TUCSON AZ - SEPTEMBER 18: Quarterback Nick Foles #8 of the Arizona Wildcats celebrates with fans and players after defeating the Iowa Hawkeyes in the college football game at Arizona Stadium on September 18 2010 in Tucson Arizona. The Wildcats defeated the Hawkeyes 34-27. (Photo by Christian Petersen/Getty Images)
With the release of EA Sports' NCAA Football 13 and its theme, we've been thinking a bit despite the trend that it's hard for anyone in Wildcat Country to talk about Heisman Trophies. For the Arizona Wildcats, it's difficult to draw local interest in the Heisman debate, but just a few years back and even one year ago, Nick Foles' name was being thrown around as a legitimate candidate.
Foles represents a newer era of UA football that's all about offense, and offensive stars are those that appear on watch-lists. While Willie Tuitama was the pioneer in this new-found, high-scoring school of thought in Tucson, it was Foles who was the face of Arizona's return to legitimacy after a near Rose Bowl berth in 2009.
OK, maybe it was overblown a little bit. The Tucson media never gets to cover Heisman candidates because historically the Wildcats have been a defensive-oriented football team. And then there's the whole failing to the get to the Rose Bowl thing.
But maybe it wasn't overblown.
The Heisman talk all started with Foles' junior year, when he led UA to a 7-1 start in 2010 behind some eye-popping numbers. National Heisman rating trackers put Foles in the conversation early that season. Early in the 2011 season that went awry, Foles was even considered a top-25 Heisman candidate.
The thing to note here is that it wasn't a Tucson fantasy that Foles could win the Heisman. His numbers were there and watch-list nerds noticed. As for the local media members who got to know the guy and listen to what coaches like quarterbacks coach Frank Scelfo would say about him, it was hard to bet against Foles.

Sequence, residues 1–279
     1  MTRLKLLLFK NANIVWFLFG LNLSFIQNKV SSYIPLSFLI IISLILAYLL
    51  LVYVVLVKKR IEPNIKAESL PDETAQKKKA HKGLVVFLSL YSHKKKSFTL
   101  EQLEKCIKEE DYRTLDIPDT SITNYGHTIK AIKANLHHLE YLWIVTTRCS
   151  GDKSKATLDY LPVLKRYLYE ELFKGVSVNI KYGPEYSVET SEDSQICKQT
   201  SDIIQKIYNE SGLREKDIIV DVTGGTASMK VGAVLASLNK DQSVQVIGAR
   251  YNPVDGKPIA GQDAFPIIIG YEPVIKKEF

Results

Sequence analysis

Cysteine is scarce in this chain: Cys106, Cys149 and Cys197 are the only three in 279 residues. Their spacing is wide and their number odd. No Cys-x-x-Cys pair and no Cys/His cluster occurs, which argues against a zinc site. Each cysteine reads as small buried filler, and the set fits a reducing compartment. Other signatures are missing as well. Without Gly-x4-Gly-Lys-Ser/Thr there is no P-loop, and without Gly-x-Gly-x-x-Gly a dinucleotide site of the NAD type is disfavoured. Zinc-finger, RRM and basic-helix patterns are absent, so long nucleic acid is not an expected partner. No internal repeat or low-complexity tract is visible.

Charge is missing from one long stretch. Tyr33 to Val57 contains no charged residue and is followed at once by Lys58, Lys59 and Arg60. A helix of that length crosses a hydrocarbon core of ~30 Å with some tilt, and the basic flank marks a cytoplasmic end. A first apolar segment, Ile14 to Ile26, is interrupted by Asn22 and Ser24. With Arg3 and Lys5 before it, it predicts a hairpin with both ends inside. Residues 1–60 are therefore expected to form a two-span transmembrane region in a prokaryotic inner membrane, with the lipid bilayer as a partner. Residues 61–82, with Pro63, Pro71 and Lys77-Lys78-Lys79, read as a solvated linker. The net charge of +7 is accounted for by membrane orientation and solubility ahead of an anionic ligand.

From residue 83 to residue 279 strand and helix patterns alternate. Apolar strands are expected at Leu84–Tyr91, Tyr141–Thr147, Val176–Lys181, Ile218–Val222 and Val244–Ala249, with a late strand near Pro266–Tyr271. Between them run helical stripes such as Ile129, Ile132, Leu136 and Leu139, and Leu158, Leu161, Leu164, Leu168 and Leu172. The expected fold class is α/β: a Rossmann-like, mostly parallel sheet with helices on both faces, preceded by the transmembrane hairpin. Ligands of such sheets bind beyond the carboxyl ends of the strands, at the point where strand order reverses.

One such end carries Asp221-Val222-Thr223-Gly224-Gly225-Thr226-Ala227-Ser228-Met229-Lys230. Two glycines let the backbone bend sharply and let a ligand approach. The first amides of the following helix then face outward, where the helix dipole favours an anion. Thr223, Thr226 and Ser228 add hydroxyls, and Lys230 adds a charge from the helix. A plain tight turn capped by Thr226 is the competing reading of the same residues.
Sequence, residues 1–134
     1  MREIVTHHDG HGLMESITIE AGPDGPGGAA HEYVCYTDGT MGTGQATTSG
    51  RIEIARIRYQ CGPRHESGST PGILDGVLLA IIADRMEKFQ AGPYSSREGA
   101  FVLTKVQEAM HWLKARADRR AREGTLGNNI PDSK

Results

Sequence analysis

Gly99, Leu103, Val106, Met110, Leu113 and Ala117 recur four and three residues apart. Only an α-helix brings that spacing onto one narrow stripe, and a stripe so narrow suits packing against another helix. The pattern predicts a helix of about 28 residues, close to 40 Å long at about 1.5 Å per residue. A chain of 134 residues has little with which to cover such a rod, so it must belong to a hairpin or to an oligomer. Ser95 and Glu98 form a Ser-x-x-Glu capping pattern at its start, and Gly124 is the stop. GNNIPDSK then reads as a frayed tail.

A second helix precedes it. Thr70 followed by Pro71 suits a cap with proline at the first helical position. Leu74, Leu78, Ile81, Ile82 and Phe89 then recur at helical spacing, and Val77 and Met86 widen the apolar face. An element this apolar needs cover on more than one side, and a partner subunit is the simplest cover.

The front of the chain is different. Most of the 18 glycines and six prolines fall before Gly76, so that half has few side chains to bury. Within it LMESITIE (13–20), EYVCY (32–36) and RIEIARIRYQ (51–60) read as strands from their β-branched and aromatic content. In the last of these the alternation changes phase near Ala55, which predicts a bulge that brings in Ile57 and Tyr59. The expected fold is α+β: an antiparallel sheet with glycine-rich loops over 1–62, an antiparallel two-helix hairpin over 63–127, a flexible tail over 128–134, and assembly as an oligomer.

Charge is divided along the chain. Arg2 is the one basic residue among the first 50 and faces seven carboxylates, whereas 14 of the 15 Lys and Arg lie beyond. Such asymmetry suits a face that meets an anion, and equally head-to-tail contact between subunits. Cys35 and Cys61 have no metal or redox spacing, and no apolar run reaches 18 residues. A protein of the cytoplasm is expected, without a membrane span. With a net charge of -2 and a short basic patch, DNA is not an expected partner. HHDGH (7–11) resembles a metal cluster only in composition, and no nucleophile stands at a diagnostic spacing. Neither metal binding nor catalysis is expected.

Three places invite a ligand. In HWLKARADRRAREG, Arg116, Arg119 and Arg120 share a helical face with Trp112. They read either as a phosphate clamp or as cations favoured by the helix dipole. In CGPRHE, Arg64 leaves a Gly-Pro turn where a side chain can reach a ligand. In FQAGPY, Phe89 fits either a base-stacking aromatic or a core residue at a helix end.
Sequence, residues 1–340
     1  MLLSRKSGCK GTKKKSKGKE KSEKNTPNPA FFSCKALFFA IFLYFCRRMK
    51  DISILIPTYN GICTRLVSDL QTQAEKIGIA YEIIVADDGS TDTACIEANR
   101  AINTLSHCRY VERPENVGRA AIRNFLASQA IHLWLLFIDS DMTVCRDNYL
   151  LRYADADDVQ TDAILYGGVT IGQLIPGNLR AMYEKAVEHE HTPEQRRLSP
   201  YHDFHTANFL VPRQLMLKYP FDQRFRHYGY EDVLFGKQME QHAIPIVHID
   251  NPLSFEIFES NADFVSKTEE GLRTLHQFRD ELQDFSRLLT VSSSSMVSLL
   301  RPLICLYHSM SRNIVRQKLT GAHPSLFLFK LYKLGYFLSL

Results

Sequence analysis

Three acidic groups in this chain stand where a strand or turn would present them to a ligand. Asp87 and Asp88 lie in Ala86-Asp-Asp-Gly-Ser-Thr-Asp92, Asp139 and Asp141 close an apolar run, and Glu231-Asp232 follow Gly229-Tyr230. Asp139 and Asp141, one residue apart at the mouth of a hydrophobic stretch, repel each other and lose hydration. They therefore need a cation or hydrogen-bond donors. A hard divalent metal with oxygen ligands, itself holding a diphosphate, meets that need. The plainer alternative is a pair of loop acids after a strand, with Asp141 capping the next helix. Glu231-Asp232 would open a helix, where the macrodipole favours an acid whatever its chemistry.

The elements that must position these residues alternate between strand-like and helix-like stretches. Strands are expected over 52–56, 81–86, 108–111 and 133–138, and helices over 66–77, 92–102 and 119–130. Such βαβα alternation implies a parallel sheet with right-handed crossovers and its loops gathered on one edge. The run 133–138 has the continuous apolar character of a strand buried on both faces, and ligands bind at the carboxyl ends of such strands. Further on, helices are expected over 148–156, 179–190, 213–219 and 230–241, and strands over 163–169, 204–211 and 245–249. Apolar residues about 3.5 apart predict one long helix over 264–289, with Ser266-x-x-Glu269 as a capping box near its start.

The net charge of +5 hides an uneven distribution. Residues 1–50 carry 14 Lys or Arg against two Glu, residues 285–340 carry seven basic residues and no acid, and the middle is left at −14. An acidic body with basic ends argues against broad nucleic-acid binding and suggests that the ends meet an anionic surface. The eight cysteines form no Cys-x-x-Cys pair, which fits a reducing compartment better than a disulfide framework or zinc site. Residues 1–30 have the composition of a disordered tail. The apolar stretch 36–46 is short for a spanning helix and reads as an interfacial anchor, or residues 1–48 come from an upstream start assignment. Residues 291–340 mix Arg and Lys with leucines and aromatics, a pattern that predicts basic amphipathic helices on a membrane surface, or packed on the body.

Sure, while people like me might've been down on him as an NFL prospect (of course, I could still be completely wrong about him), there was no doubt he could rule the college game.
Of course, you know the story. The Wildcats never got over that hump and to no fault of Arizona's best quarterback in history.
Put an older Foles on the 2009 team and have a single ball go the Wildcats' way instead of Jeremiah Masoli and the Oregon Ducks, and you've got a Rose Bowl appearance and potential Heisman Trophy winner in the UA quarterback.
That's a lot of what-ifs, but just throw a junior or senior Nick Foles on a top team that plays with a spread offense -- like the Oklahoma Sooners, for example -- and you're talking a prolific quarterback and a winner.
The talent was there and so was the leadership. Unfortunately, the framework of the team behind him didn't quite hold up for Foles to be a legitimate candidate, but that doesn't mean that the potential wasn't there.
Do you think Nick Foles could have won a Heisman Trophy if he played for a better football team?
This post was sponsored by EA Sports NCAA Football 13. Check out the video for the game below.
EA SPORTS NCAA Football 13 TV: "Son" (via EASPORTS)